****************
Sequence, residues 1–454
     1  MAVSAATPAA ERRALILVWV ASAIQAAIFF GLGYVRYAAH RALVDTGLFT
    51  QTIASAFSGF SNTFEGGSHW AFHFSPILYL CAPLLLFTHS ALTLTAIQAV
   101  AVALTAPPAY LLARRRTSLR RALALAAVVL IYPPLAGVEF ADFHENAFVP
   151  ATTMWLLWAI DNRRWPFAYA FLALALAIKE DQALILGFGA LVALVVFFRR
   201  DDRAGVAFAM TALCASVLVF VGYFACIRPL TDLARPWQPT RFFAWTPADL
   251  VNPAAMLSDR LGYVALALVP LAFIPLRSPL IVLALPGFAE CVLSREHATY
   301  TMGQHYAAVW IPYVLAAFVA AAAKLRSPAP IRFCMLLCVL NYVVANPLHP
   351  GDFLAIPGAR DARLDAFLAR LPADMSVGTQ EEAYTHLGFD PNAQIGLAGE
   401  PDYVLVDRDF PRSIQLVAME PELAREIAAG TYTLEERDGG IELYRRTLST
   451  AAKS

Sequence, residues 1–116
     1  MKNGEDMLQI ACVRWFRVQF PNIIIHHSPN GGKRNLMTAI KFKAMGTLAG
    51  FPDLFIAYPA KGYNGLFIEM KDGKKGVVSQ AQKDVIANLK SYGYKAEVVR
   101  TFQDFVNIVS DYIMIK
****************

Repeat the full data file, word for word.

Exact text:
Sequence, residues 1–454
     1  MAVSAATPAA ERRALILVWV ASAIQAAIFF GLGYVRYAAH RALVDTGLFT
    51  QTIASAFSGF SNTFEGGSHW AFHFSPILYL CAPLLLFTHS ALTLTAIQAV
   101  AVALTAPPAY LLARRRTSLR RALALAAVVL IYPPLAGVEF ADFHENAFVP
   151  ATTMWLLWAI DNRRWPFAYA FLALALAIKE DQALILGFGA LVALVVFFRR
   201  DDRAGVAFAM TALCASVLVF VGYFACIRPL TDLARPWQPT RFFAWTPADL
   251  VNPAAMLSDR LGYVALALVP LAFIPLRSPL IVLALPGFAE CVLSREHATY
   301  TMGQHYAAVW IPYVLAAFVA AAAKLRSPAP IRFCMLLCVL NYVVANPLHP
   351  GDFLAIPGAR DARLDAFLAR LPADMSVGTQ EEAYTHLGFD PNAQIGLAGE
   401  PDYVLVDRDF PRSIQLVAME PELAREIAAG TYTLEERDGG IELYRRTLST
   451  AAKS

Sequence, residues 1–116
     1  MKNGEDMLQI ACVRWFRVQF PNIIIHHSPN GGKRNLMTAI KFKAMGTLAG
    51  FPDLFIAYPA KGYNGLFIEM KDGKKGVVSQ AQKDVIANLK SYGYKAEVVR
   101  TFQDFVNIVS DYIMIK